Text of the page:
Like DW, Aquarian was started by two men — one a drummer, Roy Burns, and the other, Ron Marquez, with a vast background in high-tech manufacturing. They began in earnest with the Cymbal Spring, followed by the X-10 Graphite Drumsticks. From there, they developed drumheads, where they made a name for themselves with the Super-Kick™ bass drumhead. Whatever set I purchase, I’m going to put Aquarian Vintage™ Series drumheads all around to get that rich tone I like. Designed with the look, feel and warmth of a calfskin head, I put Deep Vintage II™ Series two-ply heads on my Gretsch toms and the punch, depth and resonance are astounding. To hear what these and other Aquarian drumheads sound like, check out Junkman’s interview with Aquarian’s Jamie Harris
During a NAMM press event, I was handed a packet of Drumtacs and wasn’t quite sure what to do next. Then I read the instructions, and they said Drumtacs are releasable, reusable, super tacky sound control pads. I’ve been looking for ways to dampen the sound on my rack tom, so I stuck a Drumtac on, about an inch from the rim as directed, and viola!, I noticed a deeper, more pronounced tone without the excessive ring. I stuck two on my floor tom, and the boom is definitely beefier. You can also stick Drumtacs on cymbals to alter tones, shades and frequencies.
Wilson Guitars Ventures
One of the people I met at NAMM was Tim Wilson, whose father Don is the sole original member left in the Ventures, the best-selling instrumental guitar group in the world. He told me to check out Wilson Guitar Ventures, which he started with his father. Essentially, the guitars are built to the specs of what Don Wilson and the other Ventures play, inspired by the Mosrite and Fender guitars the group endorsed in the 60s and 70s. There’s a full crop of customized guitars and basses in red, white and blue. Collectors will like the Ventures Five-0 Guitar Package that includes a Ventures “Strat-style” guitar, amp, cable, strap, gig bag, picks and tuner. And, of course, the Ventures logo is prominently displayed to verify authenticity.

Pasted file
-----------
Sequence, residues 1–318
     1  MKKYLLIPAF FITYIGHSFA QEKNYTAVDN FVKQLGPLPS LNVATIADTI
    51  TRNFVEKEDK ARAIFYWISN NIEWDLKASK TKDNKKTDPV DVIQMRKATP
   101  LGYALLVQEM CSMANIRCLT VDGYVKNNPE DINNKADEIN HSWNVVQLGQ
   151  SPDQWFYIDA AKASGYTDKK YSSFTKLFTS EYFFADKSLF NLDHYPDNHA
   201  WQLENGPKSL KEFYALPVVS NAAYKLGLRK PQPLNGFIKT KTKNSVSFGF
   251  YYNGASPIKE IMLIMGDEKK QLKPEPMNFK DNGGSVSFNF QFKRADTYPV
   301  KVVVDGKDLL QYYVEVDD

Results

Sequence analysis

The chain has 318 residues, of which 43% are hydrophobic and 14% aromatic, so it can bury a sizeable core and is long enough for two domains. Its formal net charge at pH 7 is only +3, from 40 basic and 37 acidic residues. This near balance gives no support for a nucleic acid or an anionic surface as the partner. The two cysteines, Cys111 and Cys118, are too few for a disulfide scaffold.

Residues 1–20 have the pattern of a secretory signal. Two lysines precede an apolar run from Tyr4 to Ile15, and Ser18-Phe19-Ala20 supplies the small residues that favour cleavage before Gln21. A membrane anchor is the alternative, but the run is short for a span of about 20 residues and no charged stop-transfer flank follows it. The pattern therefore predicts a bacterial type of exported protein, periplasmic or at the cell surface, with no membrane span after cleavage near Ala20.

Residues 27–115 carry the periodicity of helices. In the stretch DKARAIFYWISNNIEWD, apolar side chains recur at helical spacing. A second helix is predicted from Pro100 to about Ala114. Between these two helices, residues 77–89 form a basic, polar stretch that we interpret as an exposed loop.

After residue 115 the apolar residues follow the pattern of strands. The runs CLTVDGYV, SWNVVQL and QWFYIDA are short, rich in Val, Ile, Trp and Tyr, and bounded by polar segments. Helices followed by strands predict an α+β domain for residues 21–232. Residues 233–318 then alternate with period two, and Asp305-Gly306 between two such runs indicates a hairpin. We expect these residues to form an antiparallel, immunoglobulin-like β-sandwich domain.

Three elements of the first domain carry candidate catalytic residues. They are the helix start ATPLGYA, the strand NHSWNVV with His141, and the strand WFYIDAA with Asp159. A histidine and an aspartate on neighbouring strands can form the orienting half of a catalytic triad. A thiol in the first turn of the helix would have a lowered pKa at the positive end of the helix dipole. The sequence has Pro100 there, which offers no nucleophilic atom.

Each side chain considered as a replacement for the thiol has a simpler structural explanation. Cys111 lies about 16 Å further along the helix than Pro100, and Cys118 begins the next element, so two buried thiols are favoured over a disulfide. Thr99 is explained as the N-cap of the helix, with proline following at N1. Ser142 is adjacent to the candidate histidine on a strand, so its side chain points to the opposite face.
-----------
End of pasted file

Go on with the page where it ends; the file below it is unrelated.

One of my last stops at NAMM was at a company’s exhibit I didn’t expect to see: GoPro. Here’s an organization whose impact on user-based live-action video has sent shockwaves throughout the world. Unexpected, yes, but I wasn’t surprised to see GoPro dipping their toe in the music world. At NAMM, they introduced the HERO3+® Black Edition/Music bundle, a musician-focused version of its HERO3+Black Edition camera with loads of extras, including clamps and mounts for positioning the camera on instruments, turntables, mic stands and other stage equipment. Musicians can access the GoPro App on a mobile device to control the camera if it’s mounted out of reach, and they can tap into GoPro’s free editing software, GoPro Studio, for editing videos for YouTube, Facebook, Instagram and other social media platforms. GoPro CEO Nick Woodman says, “Music is a big part of our inspiration here at GoPro and we’re fired up to help musicians of all levels capture and share their passion with the world.” Kind of makes you wonder where GoPro plans to go next…